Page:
Another group of price-insensitive investors are managers of risk parity portfolios. These portfolios make allocations to asset classes not with regard to pricing of assets, but rather their volatility and correlation characteristics. Their price-insensitivity comes out in a couple of ways. First, as money flows into the strategies, they are levered buyers of bonds and inflation-linked bonds in particular. Like most strategies, if the money flows out, they are forced sellers of a slice of their portfolio. Second, unlike many other investors, they will also tend to buy and sell based on changes in volatility. As the volatility of an asset falls, these strategies will tend to lever it up further, and as the volatility rises they will sell. Given that low volatility tends to be associated with rising markets and high volatility with falling markets, this gives their buy and sell decisions a certain momentum flavor. If bond prices are moving up in a steady fashion, they will tend to buy more and more as volatility falls, and in a disorderly sell-off that sees yields and expected returns rise along with rising volatility, they will sell the assets due to their higher “risk.” In fact, rising volatility in bond markets could cause a general delevering of risk parity portfolios, causing them to sell assets unrelated to bonds in order to keep their estimated volatility stable. With hundreds of billions of dollars under management in risk parity strategies and large holdings in some of the less deeply liquid areas of the financial markets such as inflation-linked bonds and commodity futures, it is easy to imagine their selling in unsettling markets under certain circumstances, such as a repeat of 2013’s “Taper Tantrum.”


  • GMO Second Quarter Letter to Partners Part 1

    Jermeny Grantham's GMO has released its second quarter letter to its partners. The letter is broken up into two parts, one written by Grantham titled, "Ten Quick Topics To Ruin Your Summer," and the other, "Price-Insensitive Sellers," by Ben Inker.

    GMO's second quarter letter


  • Jeremy Grantham Reduces More Than 250 Stakes in Second Quarter

    Jeremy Grantham (Trades, Portfolio), chairman of the board of Boston-based asset management firm Grantham Mayo Van Otterloo, is known for his ability to identify speculative market “bubbles” and using that knowledge to lead clients away from financial disasters.

    Like most of the gurus we follow, Grantham bought some stakes, sold some stakes and added to some others in the second quarter. But, by far, most of his activity involved reducing existing stakes – more than 250 of them.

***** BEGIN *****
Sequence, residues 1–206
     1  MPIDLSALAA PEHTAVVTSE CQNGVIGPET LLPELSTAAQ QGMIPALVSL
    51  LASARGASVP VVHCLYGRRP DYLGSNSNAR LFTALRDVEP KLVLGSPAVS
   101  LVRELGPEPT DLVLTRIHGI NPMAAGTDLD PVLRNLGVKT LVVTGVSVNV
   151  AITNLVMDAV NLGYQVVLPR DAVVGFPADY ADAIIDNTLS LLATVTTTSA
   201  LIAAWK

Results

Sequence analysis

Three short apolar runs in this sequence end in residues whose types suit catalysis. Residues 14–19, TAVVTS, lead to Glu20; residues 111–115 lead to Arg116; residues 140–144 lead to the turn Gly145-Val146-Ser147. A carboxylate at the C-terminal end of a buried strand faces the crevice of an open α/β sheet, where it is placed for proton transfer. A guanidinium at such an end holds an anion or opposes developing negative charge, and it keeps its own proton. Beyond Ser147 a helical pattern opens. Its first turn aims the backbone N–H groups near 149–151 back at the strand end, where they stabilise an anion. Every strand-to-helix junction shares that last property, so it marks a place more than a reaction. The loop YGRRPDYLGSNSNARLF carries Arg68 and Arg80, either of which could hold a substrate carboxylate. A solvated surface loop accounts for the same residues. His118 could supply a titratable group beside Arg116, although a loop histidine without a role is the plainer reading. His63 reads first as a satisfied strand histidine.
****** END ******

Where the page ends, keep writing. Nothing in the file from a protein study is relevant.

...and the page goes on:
• Jeremy Grantham Q2 2015 Letter – Ten Quick Topics To Ruin Your Summer

  • What Do High-Yield Maturities Tell Us About Timing the Credit Cycle? Another Take on the Wall

    Everybody involved in the credit markets wants to know when the cycle will turn. On the one hand, it feels like we are in the later stages of the current cycle and investors are afraid to overstay their welcome. On the other hand, credit spreads are close to historical averages while many competing asset classes seem overvalued. For those who are currently invested in high-yield bonds and leveraged loans, accurately timing the cycle will be the difference between safely clipping coupons and realizing painful losses. And for those of us who specialize in distressed debt investing, the turn of the cycle should create the next great opportunity. Most investors base their high-yield outlook on expected defaults.

    Credit strategists and portfolio managers frequently point to the timing of debt maturities – the so-called “maturity wall” – as a major determinant of near-term default rates. Presumably, with fewer debt maturities, there will be fewer defaults, and therefore higher returns. This assumption makes intuitive sense. After all, the inability to pay debts as they come due is a classic definition of insolvency. The more time companies have until their debts mature, the greater the chances they can find a way to refinance. Today, many credit strategists point to the relative lack of near-term high-yield maturities as a reason for investors to be constructive on credit.


  • Why Jeremy Grantham Believes We’re Not In a Bubble...Yet

    With the Shiller P/E ratio nearing all-time highs, many famous investors have expressed concerns that we are in a new stock market bubble.

    For those who need a primer, Robert Shiller of Yale University invented the Shiller P/E to measure the market's valuation. His valuation metric is believed to be a more reasonable market valuation indicator than the P/E ratio because it eliminates fluctuation of the ratio caused by the variation of profit margins during business cycles.


  • Jeremy Grantham's 10 Current Obsessions

    GMO chief investment strategist Jeremy Grantham (Trades, Portfolio) took a moment to tick off the top 10 issues on his mind today.

    "In my current role, I'm totally free to obsess about important issues that interest me," he said. And here they are, fleshed out a bit with some quotes from Grantham's commentaries:


Add Notes, Comments

If you want to ask a question or report a bug, please create a support ticket.

Get WordPress Plugins for easy affiliate links on Stock Tickers and Guru Names | Earn affiliate commissions by embedding GuruFocus Charts
GuruFocus Affiliate Program: Earn up to $400 per referral. ( Learn More)

GF Chat